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Leveraging Machine Learning to Boost Fraud Detection in Fintech

PayPal holds a unique position in Silicon Valley mythology. The PayPal Mafia—Former PayPal employees and founders—have gone on to found YouTube, Tesla, Inc., LinkedIn, Palantir, SpaceX, and ... - Machine learning predictive analytics with no-code
29 March, 2023
Est. Reading: 7 minutes

PayPal holds a unique position in Silicon Valley mythology. The PayPal Mafia—Former PayPal employees and founders—have gone on to found YouTube, Tesla, Inc., LinkedIn, Palantir, SpaceX, and other ventures.

And while it may be taken for granted today, PayPal revolutionized online payments and essentially became the payment system of the internet. People and businesses were quickly and freely sending money online—a fintech breakthrough that has only been further enhanced by mobile technology, social media, and data encryption.

15 years after being bought by eBay, PayPal passed 200 million users.

And yet, despite growing close to a half billion users today, PayPal, like many fintechs, has been plagued by one huge problem—fraud.

PayPal CEO Dan Schulman recently reported that the firm had identified and removed 4.5 million illegitimate user accounts—and Paypal was forced to end its incentivized account opening program in 2021. The fintech fraud woes, of course, are not limited to PayPal.

Fintech companies like neobanks and robo advisors have an average fraud rate of roughly 0.30%—which is as much as double credit cards’ historical rates of 0.15% to 0.20% and three times higher than debit cards. Due to these increasing incidents of fraud, some merchants have begun limiting or even blocking the debit and credit cards being offered by Chime, Cash App, and other neobanks.

So—what can fintech do about its fraud problems? The answer starts with the right machine learning solutions. Machine learning can significantly enhance fraud detection in fintech companies by leveraging advanced algorithms and automated decision-making processes.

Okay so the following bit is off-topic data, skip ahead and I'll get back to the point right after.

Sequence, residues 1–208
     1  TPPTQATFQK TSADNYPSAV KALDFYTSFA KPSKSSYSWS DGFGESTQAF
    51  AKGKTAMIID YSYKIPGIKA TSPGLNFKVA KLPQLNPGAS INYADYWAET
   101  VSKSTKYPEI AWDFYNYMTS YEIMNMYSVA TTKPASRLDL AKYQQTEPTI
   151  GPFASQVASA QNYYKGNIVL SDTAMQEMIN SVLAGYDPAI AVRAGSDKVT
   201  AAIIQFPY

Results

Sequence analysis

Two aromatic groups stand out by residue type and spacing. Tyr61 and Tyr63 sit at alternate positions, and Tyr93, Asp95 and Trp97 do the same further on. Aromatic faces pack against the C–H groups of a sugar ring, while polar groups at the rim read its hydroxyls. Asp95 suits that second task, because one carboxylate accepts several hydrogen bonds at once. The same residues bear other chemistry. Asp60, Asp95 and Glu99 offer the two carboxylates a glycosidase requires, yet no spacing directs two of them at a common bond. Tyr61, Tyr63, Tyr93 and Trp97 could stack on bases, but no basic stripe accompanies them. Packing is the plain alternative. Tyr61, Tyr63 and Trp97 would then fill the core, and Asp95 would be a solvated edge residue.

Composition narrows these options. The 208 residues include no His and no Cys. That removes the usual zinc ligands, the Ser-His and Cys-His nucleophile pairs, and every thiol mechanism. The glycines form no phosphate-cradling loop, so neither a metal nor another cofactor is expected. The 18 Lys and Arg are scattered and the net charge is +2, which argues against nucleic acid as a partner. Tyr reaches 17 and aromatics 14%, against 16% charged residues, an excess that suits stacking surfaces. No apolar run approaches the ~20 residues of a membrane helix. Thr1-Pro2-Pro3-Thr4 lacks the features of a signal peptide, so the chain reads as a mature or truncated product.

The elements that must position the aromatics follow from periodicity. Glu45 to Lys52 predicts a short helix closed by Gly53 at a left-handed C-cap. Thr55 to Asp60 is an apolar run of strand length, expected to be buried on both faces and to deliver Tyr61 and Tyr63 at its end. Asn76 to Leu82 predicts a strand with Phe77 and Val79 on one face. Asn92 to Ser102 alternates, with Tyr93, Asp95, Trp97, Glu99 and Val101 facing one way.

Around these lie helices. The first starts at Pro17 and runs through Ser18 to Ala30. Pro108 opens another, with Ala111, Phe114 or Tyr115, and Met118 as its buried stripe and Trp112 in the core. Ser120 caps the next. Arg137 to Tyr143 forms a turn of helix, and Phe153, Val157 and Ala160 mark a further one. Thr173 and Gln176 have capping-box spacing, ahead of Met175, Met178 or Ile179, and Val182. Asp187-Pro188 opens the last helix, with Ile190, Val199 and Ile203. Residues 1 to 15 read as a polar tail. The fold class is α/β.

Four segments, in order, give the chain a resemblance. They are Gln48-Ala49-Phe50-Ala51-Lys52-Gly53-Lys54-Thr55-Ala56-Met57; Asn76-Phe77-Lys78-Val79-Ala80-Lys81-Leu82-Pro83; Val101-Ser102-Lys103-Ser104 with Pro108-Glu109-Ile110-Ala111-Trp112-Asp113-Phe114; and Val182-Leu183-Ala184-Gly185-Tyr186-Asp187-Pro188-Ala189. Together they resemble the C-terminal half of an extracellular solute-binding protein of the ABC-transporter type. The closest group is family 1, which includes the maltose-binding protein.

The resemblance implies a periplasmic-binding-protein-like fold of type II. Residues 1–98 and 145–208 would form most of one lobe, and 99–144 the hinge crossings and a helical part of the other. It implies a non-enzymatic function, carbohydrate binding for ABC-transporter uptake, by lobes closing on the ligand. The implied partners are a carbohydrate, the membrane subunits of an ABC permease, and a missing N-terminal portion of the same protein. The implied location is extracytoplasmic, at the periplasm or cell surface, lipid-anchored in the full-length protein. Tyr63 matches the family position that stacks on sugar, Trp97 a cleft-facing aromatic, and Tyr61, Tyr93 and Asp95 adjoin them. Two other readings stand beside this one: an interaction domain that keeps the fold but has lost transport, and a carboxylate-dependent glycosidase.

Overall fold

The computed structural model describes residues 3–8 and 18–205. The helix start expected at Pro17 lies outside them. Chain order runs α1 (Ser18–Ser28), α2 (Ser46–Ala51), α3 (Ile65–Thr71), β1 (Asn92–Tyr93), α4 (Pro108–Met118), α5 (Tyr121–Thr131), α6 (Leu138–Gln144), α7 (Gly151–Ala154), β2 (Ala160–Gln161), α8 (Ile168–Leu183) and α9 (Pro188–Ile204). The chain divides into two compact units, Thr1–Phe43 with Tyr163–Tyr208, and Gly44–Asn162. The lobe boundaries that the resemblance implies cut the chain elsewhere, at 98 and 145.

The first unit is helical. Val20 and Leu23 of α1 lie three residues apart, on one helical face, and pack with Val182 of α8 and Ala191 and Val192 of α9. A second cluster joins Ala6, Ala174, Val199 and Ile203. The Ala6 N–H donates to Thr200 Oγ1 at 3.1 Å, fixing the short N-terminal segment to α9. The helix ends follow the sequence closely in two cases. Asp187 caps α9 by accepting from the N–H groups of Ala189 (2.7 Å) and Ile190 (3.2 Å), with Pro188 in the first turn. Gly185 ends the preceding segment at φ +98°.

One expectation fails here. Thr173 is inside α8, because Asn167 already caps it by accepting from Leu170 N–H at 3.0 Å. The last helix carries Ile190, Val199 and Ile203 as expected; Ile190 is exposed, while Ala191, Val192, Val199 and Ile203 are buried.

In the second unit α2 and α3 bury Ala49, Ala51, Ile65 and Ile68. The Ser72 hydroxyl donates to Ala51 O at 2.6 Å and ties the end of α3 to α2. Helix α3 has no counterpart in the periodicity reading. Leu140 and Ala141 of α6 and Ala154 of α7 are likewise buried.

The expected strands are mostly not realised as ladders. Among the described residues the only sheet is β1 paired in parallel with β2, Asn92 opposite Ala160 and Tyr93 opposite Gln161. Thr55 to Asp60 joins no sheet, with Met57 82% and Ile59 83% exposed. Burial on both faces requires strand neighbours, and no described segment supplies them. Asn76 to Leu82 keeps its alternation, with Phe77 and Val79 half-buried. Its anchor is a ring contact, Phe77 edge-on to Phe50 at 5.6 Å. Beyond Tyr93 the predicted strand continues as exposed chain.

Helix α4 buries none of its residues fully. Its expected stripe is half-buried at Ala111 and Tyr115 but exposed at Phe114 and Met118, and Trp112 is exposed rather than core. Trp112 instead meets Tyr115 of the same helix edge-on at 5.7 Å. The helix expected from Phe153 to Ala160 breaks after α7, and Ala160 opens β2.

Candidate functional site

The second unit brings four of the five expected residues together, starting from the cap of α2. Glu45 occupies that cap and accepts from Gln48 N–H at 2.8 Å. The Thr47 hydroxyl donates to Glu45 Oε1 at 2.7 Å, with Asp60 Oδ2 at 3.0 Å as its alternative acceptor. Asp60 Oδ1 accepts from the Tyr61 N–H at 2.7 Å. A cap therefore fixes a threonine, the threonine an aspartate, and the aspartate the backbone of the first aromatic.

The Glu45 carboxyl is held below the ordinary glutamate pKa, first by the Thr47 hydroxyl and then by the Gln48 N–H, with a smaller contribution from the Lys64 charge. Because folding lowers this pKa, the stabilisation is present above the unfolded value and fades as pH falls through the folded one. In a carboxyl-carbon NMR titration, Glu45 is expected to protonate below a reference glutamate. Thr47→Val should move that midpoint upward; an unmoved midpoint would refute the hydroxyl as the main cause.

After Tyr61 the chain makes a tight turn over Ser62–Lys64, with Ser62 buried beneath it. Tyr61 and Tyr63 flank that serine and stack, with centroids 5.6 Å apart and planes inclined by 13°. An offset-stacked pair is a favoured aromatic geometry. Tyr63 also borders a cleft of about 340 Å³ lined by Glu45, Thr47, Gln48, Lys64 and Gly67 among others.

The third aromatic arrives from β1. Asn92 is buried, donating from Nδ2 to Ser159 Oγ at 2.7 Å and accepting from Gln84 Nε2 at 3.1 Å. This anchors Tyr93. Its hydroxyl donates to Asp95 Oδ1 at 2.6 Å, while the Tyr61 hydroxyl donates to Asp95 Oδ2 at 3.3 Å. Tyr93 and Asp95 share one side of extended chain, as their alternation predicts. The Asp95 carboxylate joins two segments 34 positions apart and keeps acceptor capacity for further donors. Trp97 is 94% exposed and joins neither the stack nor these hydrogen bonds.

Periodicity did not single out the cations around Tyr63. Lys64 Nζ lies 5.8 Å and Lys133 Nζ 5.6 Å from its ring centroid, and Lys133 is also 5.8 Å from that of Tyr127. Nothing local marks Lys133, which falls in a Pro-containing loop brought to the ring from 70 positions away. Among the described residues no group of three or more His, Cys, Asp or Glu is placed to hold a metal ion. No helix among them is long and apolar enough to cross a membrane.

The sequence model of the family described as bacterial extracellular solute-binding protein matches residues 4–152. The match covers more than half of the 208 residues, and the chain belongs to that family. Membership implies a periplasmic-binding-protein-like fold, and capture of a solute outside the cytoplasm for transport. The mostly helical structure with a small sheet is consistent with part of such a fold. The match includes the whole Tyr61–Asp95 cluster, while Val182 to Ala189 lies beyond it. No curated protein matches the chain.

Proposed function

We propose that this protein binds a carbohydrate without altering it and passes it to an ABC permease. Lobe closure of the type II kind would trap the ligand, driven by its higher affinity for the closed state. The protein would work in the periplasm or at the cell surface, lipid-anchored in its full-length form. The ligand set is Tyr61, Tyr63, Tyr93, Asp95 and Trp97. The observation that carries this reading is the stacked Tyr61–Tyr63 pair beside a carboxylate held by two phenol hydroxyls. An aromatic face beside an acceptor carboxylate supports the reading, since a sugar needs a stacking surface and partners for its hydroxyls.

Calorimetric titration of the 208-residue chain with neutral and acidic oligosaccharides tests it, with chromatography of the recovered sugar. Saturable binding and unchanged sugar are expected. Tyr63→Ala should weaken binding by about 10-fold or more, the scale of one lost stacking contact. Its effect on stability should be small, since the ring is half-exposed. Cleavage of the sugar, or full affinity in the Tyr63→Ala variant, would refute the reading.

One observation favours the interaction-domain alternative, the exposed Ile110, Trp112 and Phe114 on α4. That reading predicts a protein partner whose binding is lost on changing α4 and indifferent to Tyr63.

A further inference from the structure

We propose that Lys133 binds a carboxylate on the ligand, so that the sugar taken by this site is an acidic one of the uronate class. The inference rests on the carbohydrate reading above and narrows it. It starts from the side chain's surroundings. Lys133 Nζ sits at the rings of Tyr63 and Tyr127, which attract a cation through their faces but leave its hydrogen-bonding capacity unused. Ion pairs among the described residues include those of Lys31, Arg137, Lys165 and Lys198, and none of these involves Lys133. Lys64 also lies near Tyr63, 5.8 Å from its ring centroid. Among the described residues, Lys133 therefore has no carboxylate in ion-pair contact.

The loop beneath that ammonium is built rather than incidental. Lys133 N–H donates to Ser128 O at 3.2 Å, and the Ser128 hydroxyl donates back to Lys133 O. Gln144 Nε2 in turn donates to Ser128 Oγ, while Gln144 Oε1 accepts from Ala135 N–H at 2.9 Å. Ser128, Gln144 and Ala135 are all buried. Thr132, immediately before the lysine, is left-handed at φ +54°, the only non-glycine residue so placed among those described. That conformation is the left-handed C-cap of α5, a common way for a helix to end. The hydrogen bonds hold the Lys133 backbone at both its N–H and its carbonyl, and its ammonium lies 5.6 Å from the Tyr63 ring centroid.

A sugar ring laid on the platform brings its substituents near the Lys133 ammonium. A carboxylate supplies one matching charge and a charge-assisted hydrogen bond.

In this blog post, you’ll see:

  • How fraudsters work
  • The ways machine learning can effectively counterattack fraud in fintech
  • The benefits of machine learning in fraud detection

What is Fintech?

Fintech (financial technology) is a comprehensive term referring to software, mobile applications, and other technologies used to augment and automate traditional forms of finance—for both businesses and consumers alike. Fintech can include everything from straightforward mobile payment apps to complex blockchain networks housing encrypted transactions.

Fintech companies provide financial services and products by using technologies to augment, streamline or digitize their offerings for businesses or consumers. Today, fintech is involved in various sectors, such as mobile banking, lending and credit, payments, automated portfolio managers, cryptocurrencies, wealthtech, challenger banks, trading platforms, blockchain, open banking, BNPL, insurtech, and more—all challenging traditional banks.\

How Do Fintech Fraudsters Run Their Scams?

The COVID-19 pandemic led to a rise in the use of fintech services—but also brought with it a lot of fraud. In fact, payment fraud attacks against fintech companies soared by 70% in 2021, according to a study by GlobeNewswire. In 2022, hackers also accessed nearly 35 K PayPal accounts.